There are plenty of screen recording options for Ubuntu. I use Simple Screen Recorder, but there are many others. But none of them have a built-in way of getting a little window that shows you (like from your webcam) in the video. Sometimes this is called the “picture in picture” effect. The good news is, […]
I’ve seen several tutorials on how to record phone calls with Audacity, but they all seem to be for using Audacity on Windows or Mac. So, here’s how you do it on Ubuntu. I’m using Ubuntu 16.04. It’s not all that hard once you see how it works. The complicating factor is that you want […]
One of the things I really like about using Chrome on Linux is the ability to turn any website into a Desktop-ish App. It’s technically still a web app, but it opens in its own window without a location bar or any of the other decorations you normally see in a web browser. So it looks […]
I’ve been using Ubuntu for a long time and have been lamenting the sad state of autokey and it’s relationship with Firefox and Thunderbird. Autokey is also a little more than I even need. I just want a quick way to expand a text snippet into a longer chunk of text. For example, I want […]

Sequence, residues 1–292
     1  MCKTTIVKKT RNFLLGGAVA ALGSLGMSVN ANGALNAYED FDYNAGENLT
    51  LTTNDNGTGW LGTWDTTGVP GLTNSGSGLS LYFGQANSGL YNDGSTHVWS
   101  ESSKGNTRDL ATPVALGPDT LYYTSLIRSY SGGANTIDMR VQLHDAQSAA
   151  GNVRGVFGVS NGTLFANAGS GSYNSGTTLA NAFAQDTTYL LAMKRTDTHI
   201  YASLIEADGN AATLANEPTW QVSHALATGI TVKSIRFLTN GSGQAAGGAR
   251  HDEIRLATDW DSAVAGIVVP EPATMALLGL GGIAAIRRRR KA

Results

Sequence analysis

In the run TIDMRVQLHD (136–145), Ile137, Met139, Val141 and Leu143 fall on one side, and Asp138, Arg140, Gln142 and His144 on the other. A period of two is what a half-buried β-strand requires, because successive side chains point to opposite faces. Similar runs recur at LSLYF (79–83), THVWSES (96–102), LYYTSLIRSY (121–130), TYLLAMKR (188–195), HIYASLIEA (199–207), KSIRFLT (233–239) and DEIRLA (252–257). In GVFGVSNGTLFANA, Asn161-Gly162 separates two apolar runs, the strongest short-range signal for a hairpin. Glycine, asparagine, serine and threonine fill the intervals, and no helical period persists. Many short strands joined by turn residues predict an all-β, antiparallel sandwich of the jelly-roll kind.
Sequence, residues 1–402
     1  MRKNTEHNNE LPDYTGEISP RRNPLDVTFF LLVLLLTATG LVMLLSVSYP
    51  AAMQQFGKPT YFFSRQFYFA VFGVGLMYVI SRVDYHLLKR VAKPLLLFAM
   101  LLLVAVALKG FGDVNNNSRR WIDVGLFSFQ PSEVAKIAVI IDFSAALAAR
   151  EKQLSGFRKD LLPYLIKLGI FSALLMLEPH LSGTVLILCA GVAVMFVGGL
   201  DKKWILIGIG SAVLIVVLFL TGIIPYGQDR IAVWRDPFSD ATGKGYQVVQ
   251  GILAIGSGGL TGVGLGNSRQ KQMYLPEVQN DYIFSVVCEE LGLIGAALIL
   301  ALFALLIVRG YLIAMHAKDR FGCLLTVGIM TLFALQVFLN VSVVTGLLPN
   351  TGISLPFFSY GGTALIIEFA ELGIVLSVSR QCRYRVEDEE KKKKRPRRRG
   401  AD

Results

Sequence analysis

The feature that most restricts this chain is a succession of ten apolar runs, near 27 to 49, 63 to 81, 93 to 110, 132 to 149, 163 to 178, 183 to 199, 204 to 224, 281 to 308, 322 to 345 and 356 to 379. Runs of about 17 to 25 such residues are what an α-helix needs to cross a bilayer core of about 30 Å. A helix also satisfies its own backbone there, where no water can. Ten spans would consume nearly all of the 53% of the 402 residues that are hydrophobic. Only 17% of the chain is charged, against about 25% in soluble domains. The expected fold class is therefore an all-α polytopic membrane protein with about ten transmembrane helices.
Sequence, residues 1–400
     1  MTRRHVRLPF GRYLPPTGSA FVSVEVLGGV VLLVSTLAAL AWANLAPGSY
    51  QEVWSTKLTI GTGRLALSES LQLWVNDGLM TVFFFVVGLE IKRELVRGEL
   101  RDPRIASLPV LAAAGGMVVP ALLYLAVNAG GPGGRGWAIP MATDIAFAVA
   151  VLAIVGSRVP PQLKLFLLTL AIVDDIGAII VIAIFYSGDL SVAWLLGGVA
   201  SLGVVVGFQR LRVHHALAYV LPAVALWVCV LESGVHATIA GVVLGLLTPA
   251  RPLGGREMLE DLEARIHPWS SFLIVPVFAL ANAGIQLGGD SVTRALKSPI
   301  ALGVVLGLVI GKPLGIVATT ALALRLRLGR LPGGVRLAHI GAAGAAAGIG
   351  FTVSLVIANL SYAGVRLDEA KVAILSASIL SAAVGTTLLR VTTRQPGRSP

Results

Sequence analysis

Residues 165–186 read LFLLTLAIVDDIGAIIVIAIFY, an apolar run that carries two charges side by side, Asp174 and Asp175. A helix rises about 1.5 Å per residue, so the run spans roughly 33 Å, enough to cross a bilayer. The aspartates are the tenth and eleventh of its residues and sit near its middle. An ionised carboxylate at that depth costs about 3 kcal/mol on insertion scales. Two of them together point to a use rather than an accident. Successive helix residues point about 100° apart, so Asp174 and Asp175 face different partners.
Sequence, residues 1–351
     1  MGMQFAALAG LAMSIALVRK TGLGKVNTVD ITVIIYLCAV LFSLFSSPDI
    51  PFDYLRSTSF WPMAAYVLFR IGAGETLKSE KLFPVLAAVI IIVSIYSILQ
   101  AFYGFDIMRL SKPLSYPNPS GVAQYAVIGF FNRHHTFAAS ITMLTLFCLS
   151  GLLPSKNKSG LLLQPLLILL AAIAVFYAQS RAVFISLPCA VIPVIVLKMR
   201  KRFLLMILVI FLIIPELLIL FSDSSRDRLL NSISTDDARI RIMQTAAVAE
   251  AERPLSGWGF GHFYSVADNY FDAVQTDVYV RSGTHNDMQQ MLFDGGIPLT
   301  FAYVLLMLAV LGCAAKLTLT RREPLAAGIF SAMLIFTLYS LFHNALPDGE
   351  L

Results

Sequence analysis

In an earlier post we talked about adding a self-signed SSL certificate to Google Chrome so that you can use SSL certificates on your local development machine. This solves the problem of browsing around on your local site, but it doesn’t solve the issue of making cURL calls. For example, if your site is running […]
There are plenty of times when you are working on a website that uses SSL and you need to work on that site locally in your own development environment. Usually you just set things up not to run on SSL locally because it’s generally less trouble than getting SSL working on your local web server. […]
I got a SanDisk Clip Sport the other day and became exceedingly vexed by my inability to get an ordered playlist working. I’m using Ubuntu, and here’s the secret that finally got things going.
I’ve been using Ubuntu on my laptop for the past few weeks and have found a few handy tips for flinging windows around. Here are a few keyboard shortcuts as well as some custom little commands that use wmctrl to do some custom window sizes and locations.
The Network Manager in Ubuntu 14.04 LTS uses dnsmasq already. This makes it easy to set up a development domain to always return your localhost IP address. That way you can route *.dev to always return 127.0.0.1. Here’s what you need to do.